Zoom has denied any wrongdoing as part of its settlement agreement.

As a result of the nuisance created by Zoombombing, the company has since made changes to the platform, including alerting users and hosts when meeting participants join from third-party apps, providing users with privacy training, and fixing its end-to-end encryption technology to make video calls more secure.

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Oxford lab studying the coronavirus was victim of a cyberattack

Oxford University disclosed on Thursday that one of its research labs dedicated in part to studying COVID-19 suffered a cyberattack, following an investigation from Forbes indicating external access to a number of the lab’s systems.

The lab is part of Oxford’s Division of Structural Biology, known as “Strubi.” There’s no indication the lab or its research had any direct connection to ongoing COVID-19 vaccine development conducted by the Oxford Vaccine Group and the Jenner Institute. But it’s unclear exactly what data may have been compromised.

Forbes says it was shown proof of the intrusion by Alex Holden, the chief technology officer of a cybersecurity firm called Hold Security, who provided screenshots showing access to lab equipment with active intruders as recent as February 14th. It’s not clear if the intent was to steal valuable lab data or to potentially sabotage ongoing research.

“We have identified and contained the problem and are now investigating further,” an Oxford University spokesperson tells Forbes. “There has been no impact on any clinical research, as this is not conducted in the affected area.”

Oxford confirmed to Forbes that some of the machines that were accessed included purification devices for handling biochemical samples, some of which included proteins used in ongoing coronavirus research. Forbes reports that the attackers may not have been connected to any nation-state and instead may have been seeking out valuable research to sell on underground markets.

Oxford contacted the UK’s National Cyber Security Center (NCSC), which now says it’s conducting an investigation. “We are aware of an incident affecting Oxford University and are working to fully understand its impact,” an NCSC spokesperson told Forbes.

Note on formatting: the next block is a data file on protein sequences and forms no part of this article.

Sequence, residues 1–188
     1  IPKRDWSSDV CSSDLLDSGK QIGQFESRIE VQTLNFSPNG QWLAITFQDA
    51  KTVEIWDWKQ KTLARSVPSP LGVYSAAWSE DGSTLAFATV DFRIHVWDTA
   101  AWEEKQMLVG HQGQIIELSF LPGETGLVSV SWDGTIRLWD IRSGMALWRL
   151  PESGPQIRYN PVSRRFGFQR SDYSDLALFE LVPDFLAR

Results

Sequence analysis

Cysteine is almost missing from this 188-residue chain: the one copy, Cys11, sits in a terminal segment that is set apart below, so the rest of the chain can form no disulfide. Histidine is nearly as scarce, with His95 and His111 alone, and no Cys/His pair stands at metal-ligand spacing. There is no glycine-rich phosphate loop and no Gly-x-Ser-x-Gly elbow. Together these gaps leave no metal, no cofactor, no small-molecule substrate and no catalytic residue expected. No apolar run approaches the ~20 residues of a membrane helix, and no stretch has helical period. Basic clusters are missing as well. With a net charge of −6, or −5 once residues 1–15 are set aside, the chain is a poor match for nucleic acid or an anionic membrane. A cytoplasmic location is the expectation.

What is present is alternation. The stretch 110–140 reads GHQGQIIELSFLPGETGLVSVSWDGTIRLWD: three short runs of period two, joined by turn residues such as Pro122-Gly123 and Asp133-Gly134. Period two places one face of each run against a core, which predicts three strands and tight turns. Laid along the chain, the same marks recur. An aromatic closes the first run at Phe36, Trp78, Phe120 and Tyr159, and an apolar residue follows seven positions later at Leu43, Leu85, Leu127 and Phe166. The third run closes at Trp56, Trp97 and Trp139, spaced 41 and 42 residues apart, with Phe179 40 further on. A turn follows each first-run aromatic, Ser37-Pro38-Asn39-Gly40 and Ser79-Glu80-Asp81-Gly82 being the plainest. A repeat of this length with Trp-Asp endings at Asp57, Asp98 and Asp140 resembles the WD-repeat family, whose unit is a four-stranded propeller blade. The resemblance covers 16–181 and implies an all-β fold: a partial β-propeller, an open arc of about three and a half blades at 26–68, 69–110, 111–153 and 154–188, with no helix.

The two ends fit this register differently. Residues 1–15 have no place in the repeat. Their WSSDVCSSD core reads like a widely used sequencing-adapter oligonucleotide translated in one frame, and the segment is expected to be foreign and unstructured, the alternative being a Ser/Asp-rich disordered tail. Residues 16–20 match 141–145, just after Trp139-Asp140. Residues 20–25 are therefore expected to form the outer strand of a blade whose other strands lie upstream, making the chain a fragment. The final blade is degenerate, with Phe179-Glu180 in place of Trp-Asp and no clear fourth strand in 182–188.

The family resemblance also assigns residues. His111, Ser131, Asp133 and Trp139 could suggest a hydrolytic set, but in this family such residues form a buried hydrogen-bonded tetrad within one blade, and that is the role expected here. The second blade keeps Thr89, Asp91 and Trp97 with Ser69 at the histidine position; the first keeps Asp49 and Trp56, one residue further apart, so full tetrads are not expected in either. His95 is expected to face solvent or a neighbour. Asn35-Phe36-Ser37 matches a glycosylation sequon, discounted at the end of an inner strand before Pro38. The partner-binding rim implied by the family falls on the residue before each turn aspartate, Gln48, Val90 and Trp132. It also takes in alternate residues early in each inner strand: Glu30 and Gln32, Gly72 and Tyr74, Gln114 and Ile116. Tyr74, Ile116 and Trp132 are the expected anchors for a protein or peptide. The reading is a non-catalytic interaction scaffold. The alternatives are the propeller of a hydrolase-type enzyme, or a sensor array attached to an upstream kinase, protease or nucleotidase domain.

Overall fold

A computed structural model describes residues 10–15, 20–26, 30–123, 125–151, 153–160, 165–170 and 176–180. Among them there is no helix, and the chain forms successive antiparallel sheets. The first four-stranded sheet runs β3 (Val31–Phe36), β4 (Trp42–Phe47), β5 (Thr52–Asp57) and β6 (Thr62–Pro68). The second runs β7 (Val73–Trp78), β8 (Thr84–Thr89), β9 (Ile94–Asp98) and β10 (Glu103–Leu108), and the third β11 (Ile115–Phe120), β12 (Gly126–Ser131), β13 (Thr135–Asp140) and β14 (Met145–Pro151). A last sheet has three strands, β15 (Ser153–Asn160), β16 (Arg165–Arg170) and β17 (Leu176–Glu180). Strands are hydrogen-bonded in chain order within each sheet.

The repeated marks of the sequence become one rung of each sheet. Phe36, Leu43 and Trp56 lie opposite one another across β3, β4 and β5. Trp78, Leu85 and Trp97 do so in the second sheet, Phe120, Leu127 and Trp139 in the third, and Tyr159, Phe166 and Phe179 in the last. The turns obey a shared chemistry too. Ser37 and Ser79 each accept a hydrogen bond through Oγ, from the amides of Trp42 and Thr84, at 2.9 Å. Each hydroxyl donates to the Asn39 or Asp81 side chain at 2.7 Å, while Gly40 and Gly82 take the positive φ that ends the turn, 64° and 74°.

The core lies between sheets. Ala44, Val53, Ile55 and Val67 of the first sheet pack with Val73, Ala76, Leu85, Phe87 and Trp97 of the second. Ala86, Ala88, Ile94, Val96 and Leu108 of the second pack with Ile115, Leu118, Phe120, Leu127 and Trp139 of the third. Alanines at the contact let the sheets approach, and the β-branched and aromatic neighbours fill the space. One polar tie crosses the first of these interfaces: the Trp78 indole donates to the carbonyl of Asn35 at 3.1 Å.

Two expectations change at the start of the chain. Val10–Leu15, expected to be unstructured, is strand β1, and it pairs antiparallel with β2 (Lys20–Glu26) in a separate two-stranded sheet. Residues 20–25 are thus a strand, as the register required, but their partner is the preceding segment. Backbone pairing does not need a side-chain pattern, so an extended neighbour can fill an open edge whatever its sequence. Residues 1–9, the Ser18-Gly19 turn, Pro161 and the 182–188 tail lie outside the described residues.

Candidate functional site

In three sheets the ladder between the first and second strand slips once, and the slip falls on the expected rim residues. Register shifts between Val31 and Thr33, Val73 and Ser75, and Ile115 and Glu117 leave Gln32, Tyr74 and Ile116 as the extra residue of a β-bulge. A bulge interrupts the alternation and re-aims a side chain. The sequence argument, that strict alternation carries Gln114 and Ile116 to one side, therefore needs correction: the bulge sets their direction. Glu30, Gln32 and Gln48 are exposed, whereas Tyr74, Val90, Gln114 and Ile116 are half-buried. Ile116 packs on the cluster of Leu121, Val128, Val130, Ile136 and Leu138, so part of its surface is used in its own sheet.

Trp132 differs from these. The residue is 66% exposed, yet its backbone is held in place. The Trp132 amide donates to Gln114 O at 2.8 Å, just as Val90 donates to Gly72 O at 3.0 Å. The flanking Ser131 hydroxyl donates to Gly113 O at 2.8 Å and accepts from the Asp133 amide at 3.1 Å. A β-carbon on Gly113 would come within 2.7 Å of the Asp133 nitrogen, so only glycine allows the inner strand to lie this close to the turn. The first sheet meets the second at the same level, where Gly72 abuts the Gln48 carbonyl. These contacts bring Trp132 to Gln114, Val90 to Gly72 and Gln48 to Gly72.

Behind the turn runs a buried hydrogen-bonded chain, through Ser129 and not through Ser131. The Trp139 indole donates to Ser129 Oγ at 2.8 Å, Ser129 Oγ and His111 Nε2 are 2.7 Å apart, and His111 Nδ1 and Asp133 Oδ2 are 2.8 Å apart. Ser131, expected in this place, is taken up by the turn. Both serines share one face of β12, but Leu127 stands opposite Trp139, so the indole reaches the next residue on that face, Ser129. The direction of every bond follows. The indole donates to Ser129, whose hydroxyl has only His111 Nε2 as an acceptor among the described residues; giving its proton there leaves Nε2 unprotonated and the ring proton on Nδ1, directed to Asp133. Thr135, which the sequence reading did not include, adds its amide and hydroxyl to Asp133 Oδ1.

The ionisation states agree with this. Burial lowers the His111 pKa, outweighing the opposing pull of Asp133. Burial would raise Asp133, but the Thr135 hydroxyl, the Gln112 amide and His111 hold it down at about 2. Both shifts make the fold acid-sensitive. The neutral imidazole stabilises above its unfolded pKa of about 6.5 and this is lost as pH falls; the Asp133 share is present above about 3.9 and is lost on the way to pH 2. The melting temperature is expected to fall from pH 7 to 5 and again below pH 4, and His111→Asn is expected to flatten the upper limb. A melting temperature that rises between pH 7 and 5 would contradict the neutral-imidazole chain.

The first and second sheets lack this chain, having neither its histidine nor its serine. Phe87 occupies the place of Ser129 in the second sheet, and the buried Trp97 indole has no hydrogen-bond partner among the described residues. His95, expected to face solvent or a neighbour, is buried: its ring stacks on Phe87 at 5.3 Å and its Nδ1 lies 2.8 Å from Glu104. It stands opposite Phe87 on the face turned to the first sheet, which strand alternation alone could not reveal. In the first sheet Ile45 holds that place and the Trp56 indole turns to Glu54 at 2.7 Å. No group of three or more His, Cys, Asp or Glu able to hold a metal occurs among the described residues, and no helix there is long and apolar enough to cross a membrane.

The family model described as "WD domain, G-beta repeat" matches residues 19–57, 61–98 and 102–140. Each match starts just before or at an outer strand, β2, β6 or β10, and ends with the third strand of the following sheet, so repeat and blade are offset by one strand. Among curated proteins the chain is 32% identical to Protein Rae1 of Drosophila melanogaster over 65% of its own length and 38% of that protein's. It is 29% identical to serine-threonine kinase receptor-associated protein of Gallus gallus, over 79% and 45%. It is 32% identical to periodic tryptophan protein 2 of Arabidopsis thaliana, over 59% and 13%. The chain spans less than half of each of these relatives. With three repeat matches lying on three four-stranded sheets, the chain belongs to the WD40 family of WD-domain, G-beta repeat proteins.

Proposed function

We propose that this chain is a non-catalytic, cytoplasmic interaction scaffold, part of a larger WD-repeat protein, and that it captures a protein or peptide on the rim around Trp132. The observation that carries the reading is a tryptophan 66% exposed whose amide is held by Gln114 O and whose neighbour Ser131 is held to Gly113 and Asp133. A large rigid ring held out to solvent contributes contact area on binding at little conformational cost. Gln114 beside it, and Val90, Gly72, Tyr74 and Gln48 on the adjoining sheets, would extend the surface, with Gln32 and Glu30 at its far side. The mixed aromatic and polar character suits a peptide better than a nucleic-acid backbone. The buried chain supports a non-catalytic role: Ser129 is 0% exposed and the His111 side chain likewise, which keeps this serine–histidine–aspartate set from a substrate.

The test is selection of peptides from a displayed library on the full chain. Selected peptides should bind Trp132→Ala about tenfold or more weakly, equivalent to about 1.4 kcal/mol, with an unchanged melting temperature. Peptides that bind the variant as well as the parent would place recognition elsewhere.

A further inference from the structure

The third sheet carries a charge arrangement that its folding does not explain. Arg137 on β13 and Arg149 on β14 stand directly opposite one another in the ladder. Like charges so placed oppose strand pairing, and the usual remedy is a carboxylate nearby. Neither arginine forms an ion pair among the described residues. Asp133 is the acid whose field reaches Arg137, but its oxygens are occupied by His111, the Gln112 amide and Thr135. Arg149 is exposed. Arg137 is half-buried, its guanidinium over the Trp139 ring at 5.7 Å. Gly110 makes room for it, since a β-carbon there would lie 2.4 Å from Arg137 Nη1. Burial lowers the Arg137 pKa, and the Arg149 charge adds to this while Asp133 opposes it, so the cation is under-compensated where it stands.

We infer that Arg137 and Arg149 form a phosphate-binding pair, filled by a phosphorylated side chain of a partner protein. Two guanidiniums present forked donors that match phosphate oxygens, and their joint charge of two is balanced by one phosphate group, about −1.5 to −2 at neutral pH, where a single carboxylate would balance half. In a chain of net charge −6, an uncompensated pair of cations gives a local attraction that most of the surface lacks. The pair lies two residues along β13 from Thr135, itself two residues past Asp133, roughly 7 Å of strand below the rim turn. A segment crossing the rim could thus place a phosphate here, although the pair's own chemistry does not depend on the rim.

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Cyberpunk 2077 studio falls victim to ransomware attack, data leak threatened

CD Projekt says it’s been hacked by attackers who’ve been able to access its internal network, encrypt some devices, and collect “certain data” from the Polish video game company. The Cyberpunk 2077 developer says it will not give in to the demands or negotiate with the attacker, and does not believe any personal data of players or service users has been compromised.

In a tweet disclosing the hack, the company shared the ransom note left by the hackers, who claim to have accessed the source code for Cyberpunk 2077, Witcher 3, Gwent, and an “unreleased version of Witcher 3.” The hackers are threatening to release the source code alongside internal legal, HR, and financial documents “if we will not come to an agreement.”

In its statement, CD Projekt says that it has secured its IT infrastructure, and has begun restoring its data from intact backups. It says it has informed the “relevant authorities” as well as IT forensic specialists.

The attack follows the developer’s troubled launch of Cyberpunk 2077. The game released with numerous bugs and performance issues on PC, and was almost unplayable on older consoles. Sony subsequently pulled the game from the PlayStation Store and offered refunds to players, while Microsoft is also offering refunds.

CD Projekt has been subjected to intense criticism for releasing the game in what critics claim is an unfinished state. The company has vowed to address Cyberpunk 2077’s performance issues with a series of patches. It’s now facing a lawsuit from investors who claim they were misled about the game’s performance prior to release. The developer has also been criticized over reports that its employees were forced to work long hours in the months leading up to the game’s release.